Hurricane Harvey and Climate Change

by Jacob McCartney on 2017-09-06

Everyone has heard of Hurricane Harvey by now. Last month, a hurricane formed in the Gulf of Mexico as a category 4 hurricane and hit Texas as a tropical storm. Over the course of several days, the storm delivered 50 inches of rainfall in a short amount of time, and most of Houston, one of the largest cities in the United States, was devastated by several feet of flooding.

Tens of thousands of residents have been displaced. The death currently toll sits at 39. Several oil refineries have shut down, as I spoke of in a previous article, and a panicking population is creating temporary gas shortages in Texas, as well as surrounding states. People from all over Texas and the rest of the country have traveled to Houston to offer their help, and countless others have donated supplies or money.

In the wake of what is being labeled as one of the worst natural disasters in United States history, it is only natural to shift our gaze at the elephant in the room: climate change. Is climate change a key factor in this storm, and does that mean we should expect similar disasters at a higher rate in the near future?

I explored the subject of climate change in an earlier article, and I concluded that while it is part of a natural cycle, human activity is accelerating this change. This article is not an argument over whether or not Harvey was caused by man made climate change, but rather climate change in general. I will continue writing this under the assumption that the planet is indeed warming.

Connecting Harvey to climate change is difficult. There are a lot of factors in storms like hurricanes, and scientists appear to be overall be unsure if the two are connected.

NASA defines a hurricane or tropical cyclone as follows:

“Tropical cyclones are like giant engines that use warm, moist air as fuel. That is why they form only over warm ocean waters near the equator. The warm, moist air over the ocean rises upward from near the surface. Because this air moves up and away from the surface, there is less air left near the surface. Another way to say the same thing is that the warm air rises, causing an area of lower air pressure below.”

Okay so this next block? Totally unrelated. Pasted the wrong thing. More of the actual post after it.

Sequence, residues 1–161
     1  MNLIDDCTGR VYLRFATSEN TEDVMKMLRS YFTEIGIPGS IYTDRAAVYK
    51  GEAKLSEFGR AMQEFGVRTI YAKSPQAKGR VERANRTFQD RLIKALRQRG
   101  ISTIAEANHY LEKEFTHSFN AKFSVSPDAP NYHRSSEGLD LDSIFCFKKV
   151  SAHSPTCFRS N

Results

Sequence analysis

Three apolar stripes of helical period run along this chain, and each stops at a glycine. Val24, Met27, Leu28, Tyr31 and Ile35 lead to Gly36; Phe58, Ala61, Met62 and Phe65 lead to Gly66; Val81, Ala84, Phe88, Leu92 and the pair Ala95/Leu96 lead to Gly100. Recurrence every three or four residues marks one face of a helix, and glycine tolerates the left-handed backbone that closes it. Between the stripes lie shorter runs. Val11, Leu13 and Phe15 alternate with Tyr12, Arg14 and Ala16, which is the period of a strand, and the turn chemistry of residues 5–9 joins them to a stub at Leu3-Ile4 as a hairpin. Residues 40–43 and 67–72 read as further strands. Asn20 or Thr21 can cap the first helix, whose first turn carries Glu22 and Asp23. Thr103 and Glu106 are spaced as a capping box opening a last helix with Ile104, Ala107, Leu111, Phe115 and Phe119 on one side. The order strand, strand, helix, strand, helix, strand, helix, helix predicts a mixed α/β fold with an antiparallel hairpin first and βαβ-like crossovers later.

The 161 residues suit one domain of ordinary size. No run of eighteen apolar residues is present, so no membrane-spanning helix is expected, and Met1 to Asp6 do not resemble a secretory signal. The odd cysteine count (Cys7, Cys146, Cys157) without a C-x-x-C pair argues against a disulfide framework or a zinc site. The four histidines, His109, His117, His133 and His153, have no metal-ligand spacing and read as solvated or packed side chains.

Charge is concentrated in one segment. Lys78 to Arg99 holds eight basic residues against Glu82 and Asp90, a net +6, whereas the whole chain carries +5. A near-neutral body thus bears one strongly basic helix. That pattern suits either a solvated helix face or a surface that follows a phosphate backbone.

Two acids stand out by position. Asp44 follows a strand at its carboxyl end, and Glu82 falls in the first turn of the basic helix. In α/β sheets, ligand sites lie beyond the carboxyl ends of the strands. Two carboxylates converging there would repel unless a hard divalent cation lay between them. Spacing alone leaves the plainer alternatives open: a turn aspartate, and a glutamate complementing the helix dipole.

Hurricanes are fueled by warm air. An increase in temperature naturally would make a hurricane more extreme. Kevin Trenberth of the National Center for Atmospheric Research said that the Gulf of Mexico has been 2 degrees warmer than it usually is around this time of year. Since warmer temperatures can cause more extreme precipitation events, it is reasonable to say that Harvey was intensified by the warmer temperatures. Sir Brian Hoskins of the Grantham Institute for Climate Change also verified this, saying that “waters of the Gulf of Mexico are about 1.5 degrees warmer above what they were from 1980-2010.”

“There’s a well-established physical law, the Clausius-Clapeyron equation, that says that a hotter atmosphere holds more moisture,” BBC says. “For every extra degree Celsius in warming, the atmosphere can hold 7% more water. This tends to make rainfall events even more extreme when they occur.”

In 2014, the National Climate Assessment said that “[t]he heaviest rainfall events have become heavier and more frequent, and the amount of rain falling on the heaviest rain days has also increased.”

Even computer models report that we may see an increase in hurricanes due to climate change. The US Global Change Research Program Climate Science Special Report said this year that “both theory and numerical modeling simulations (in general) indicate an increase in tropical cyclone (TC) intensity in a warmer world.”

Nevertheless, there is evidence that Harvey had nothing to do with climate change. Kerry Emmanuel of MIT said, “It is awfully difficult to see climate change in historical data so far because hurricanes are fairly rare.” A study by NOAA in 2016 reported “no evidence” of changes in precipitation.

Harvey’s intensity could also be attributed to the fact that the system became trapped between two high pressure systems, one over the Atlantic Ocean and the other over the western US and Mexico. This kept is positioned over the Houston area, allowing it to unleash most of its damage in a single area. Had circumstances been different, could the storm’s damages have been dispersed over a larger area and been less catastrophic? Most likely.

Blaming the unusual strength of Hurricane Harvey on climate change is still uncertain. This is not the ideal answer for most people, but the complexity of tropical cyclones makes this difficult, so saying with certainty that climate change is to blame is not possible. However, with scientific models predicting an increase in tropical storms, and also with reports of Hurricane Irma, which is currently between Africa and North America, potentially breaking the scale and becoming a currently nonexistent category 6, the likelihood of increased storms seems to be the most likely. Only more time to collect data on these super storms will be able to tell us with certainty if climate change is responsible.


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